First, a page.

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Can You Have Postpartum Depression Before You Give Birth?

Can You Have Postpartum Depression Before You Give Birth?

Even if you haven’t given birth yet, you can begin experiencing low moods and anxiety in anticipation of impending parenthood. Fortunately, this gives you more time to find help before the baby arrives. 

Here are some key symptoms of prenatal depression, and how to recognize the condition before it becomes postpartum. 

At Genesis Psychiatric Solutions, board-certified psychiatrist Dr. Ifeanyi Olele provides a range of services, including women’s mental health services to help you navigate the pre- and postpartum periods of your life.

Understanding perinatal depression

While most people know the condition as postpartum depression specifically, women’s health experts generally agree that the entire perinatal period can be rife with mental health issues. This includes anxiety, depression, and mood swings. 

Research indicates that there isn’t a clear distinction when one form of depression becomes another. This is why the term perinatal exists to cover the entire pregnancy and postpartum period. 

Many women experience depression following the birth of their child, given the lack of sleep and stress of caring for an infant, but this isn’t always the case. The hormonal changes that come with pregnancy create plenty of variables that might affect your mental health before your child’s birth.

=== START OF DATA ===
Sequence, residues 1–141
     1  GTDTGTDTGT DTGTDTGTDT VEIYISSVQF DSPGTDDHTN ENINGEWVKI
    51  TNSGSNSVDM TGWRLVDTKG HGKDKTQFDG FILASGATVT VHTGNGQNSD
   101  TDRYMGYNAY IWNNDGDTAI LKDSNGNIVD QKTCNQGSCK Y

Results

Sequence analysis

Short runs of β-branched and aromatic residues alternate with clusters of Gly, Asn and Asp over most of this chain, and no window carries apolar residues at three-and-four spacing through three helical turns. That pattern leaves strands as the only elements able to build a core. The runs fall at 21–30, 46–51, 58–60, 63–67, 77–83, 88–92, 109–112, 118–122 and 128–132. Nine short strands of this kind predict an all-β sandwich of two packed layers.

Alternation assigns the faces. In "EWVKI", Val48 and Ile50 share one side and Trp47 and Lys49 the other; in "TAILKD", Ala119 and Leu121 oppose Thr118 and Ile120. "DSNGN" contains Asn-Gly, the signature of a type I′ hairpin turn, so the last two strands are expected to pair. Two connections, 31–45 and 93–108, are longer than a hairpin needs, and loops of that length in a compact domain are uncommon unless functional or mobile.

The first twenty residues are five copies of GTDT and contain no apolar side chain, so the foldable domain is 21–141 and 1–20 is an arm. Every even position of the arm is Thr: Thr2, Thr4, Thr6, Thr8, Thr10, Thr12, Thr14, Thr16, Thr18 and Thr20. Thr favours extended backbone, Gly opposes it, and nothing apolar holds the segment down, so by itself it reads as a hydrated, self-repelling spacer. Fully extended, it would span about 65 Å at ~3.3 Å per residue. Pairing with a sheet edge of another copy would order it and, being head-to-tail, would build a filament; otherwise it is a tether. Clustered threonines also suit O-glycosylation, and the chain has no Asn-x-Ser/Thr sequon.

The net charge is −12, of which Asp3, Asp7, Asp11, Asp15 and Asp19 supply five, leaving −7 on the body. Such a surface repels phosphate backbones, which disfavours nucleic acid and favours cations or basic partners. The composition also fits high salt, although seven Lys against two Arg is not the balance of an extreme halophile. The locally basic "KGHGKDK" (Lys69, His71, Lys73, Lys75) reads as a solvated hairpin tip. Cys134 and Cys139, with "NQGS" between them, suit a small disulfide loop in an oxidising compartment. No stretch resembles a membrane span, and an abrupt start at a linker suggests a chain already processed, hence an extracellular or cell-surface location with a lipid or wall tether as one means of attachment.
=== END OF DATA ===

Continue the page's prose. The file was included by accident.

There are also the inherent limitations of being pregnant. You have to remove things from your diet, routine, and lifestyle that you might enjoy or depend on, or even medications and addictions like nicotine and caffeine. 

You may feel stiff, sore, and cumbersome, unable to  move around as freely as you wish. You also might feel apprehensive about your baby’s arrival for whatever reason. 

Recognizing risks and signs 

Unfortunately, the name and concept of “ baby blues” has persisted to the point that many women don’t recognize when their symptoms cross the line into mental illness. 

This is why it’s important to take your symptoms and moods seriously, even if you’re tempted to call yourself “just hormonal” and shove your feelings down. 

There are numerous risk factors and symptoms of prenatal depression. You might be at risk if you:

The symptoms of prenatal depression can be difficult to identify and address, and can be confused with or have crossover with symptoms of general depression or anxiety. They include: 

Whether you haven’t felt like yourself since you got pregnant or you’re just starting to feel off in the days approaching your due date, it’s worth mentioning to a specialist. Nobody knows your body and mind better than you. 

At Genesis Psychiatric Solutions, we provide women’s health services to those seeking a safe environment to discuss their struggles with pregnancy and motherhood. To schedule an appointment, call our location closest to you, or request a consultation online. We have locations in Fairfax and Alexandria, Virginia, and Washington, DC.

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